Measure 3-552 veils West Linn power struggle
Make no mistake: Measure 3-552 that West Linn voters will see on their ballots is not about money, righting a past wrong or providing balance — it's about power.
Measure 3-552 is an empty vessel. What will the City gain if Measure 3-552 is approved? Nothing it didn't already have. What happens if it is defeated? Again, nothing. City government roles will continue as they have, with City Council determining policy and city manager overseeing administration.
Currently, the West Linn City Council, per its charter, has total authority to appoint the city attorney. And per its authority to authorize the city budget, the council has total control over the budget allowed for legal services.
Read that last sentence carefully: If no money exists in the budget for additional legal services, it is impossible for the city manager to "create" a new legal staff position. This despite the fact that the councilors endorsing Measure 3-552 (at a taxpayer cost of close to $10,000) continue to claim that unless voters check the YES box on their ballots, the City's legal expenses will skyrocket.
Their published statement in the Voters' Pamphlet reads: "Every voter needs to know that the city council currently doesn't have the authority to stop the City Manager from hiring another separate staff attorney unless we pass Measure 3-552."
How eliminating the prior assistant city attorney position will impact City coffers down the line is unknowable. While cutting one FTE from the budget will no doubt save money, forcing City staff to use the increasingly expensive outside city attorney for legal questions formerly answered by the assistant will no doubt ratchet the costs quite a bit upward.
Which, really, is beside the point. The measure only addresses who has the power to hire and manage legal advisors (Actual Measure 3-552 language: "The Council may retain legal advisors as it deems prudent. The legal advisers report to and serve at the discretion of the Council.") Yet the current city charter already says "The city attorney shall be appointed and removed by a majority of all incumbent members of the Council."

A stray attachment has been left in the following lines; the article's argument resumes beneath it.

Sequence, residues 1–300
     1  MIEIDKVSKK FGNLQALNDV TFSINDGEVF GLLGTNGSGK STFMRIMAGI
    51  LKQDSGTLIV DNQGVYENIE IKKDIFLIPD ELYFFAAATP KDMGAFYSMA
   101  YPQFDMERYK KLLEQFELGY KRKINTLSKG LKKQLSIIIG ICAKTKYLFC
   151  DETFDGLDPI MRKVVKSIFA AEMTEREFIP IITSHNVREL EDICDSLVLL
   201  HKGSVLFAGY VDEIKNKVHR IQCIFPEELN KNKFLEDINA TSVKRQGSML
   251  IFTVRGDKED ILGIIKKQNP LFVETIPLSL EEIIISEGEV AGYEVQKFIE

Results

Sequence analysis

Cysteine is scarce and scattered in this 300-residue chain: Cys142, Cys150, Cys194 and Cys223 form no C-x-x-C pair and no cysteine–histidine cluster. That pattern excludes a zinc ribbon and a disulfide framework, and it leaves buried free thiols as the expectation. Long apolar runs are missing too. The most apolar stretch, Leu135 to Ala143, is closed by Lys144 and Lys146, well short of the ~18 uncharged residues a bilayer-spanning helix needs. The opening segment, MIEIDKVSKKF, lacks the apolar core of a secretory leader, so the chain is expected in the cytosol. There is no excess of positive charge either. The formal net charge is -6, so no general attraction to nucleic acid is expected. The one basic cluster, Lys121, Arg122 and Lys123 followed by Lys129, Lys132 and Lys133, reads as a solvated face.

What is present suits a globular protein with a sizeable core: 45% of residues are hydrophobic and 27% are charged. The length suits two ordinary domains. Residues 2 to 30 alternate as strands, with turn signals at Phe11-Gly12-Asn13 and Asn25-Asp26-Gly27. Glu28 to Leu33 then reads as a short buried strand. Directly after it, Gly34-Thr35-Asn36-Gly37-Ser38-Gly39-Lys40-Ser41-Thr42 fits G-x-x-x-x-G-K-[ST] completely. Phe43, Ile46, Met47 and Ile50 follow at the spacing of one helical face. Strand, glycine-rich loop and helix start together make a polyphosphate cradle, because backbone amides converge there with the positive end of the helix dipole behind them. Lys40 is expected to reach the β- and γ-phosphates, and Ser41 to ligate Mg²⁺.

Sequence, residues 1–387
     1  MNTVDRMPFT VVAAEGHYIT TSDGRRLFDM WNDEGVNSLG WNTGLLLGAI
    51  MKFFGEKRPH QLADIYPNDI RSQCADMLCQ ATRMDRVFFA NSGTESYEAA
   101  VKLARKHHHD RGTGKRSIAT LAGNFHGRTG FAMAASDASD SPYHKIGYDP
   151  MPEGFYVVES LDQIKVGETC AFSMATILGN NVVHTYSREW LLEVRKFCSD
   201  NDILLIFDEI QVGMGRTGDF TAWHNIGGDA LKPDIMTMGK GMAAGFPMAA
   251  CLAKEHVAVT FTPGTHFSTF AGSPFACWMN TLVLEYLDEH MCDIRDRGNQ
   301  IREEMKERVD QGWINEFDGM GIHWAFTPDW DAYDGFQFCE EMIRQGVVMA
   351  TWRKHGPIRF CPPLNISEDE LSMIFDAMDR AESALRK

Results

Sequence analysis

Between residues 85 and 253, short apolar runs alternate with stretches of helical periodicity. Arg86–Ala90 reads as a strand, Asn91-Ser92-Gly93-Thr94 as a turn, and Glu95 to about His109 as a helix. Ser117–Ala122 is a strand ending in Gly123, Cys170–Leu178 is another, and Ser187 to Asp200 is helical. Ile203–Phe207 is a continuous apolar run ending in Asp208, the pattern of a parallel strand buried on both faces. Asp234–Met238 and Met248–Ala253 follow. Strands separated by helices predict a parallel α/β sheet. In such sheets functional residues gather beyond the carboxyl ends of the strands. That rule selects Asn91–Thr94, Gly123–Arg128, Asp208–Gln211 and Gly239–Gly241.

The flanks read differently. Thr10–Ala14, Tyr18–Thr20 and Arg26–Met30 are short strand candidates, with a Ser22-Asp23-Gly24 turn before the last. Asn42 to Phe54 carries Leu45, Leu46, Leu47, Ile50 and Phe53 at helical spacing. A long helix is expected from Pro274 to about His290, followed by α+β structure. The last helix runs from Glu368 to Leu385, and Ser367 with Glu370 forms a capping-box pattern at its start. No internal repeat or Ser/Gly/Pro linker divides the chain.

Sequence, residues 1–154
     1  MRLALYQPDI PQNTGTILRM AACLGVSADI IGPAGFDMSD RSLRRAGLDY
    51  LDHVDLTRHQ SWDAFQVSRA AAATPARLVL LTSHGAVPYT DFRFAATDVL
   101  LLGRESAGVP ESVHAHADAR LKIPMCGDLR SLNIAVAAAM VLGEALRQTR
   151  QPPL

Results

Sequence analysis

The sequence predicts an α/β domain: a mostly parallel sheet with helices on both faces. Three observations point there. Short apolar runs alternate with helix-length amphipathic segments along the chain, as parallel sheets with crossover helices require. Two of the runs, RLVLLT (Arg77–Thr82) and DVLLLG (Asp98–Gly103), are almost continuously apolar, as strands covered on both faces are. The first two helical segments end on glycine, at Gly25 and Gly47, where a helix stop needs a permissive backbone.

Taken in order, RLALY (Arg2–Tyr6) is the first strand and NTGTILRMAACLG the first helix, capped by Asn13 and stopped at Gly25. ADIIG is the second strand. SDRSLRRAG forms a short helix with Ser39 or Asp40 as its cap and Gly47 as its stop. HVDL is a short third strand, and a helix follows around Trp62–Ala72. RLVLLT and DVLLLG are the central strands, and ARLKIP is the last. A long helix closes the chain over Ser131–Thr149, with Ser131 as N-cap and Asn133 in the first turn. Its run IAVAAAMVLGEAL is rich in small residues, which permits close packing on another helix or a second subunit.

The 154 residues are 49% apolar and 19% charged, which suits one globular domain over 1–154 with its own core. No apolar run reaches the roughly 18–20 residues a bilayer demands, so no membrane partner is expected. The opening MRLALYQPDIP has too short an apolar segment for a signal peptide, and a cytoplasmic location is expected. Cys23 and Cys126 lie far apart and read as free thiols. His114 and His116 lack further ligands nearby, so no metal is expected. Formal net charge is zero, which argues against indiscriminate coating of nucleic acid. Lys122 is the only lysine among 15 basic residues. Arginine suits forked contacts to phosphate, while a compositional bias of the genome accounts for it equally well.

Read between the lines of the measure language: "report to and serve at the discretion of the Council."
Exactly to what degree legal advisors serve at the discretion of the council is not defined.
Will the City Manager and staff need to wait for a council vote before seeking legal advise of any kind? Things aleady move at a glacial pace in Council Chambers.
The explanatory statement that accompanies the ballot measure is bolder about its power grab goal: "If passed the measure would clarify that the City Manager should coordinate with the City Council and the City Attorney on all legal matters."
This measure is skating into very dangerous territory, where the scales of control between the city council and city manager — you know, the highly qualified professional hired by the council to (according to a document on West Linn's website) "ensure that the entire community is being served."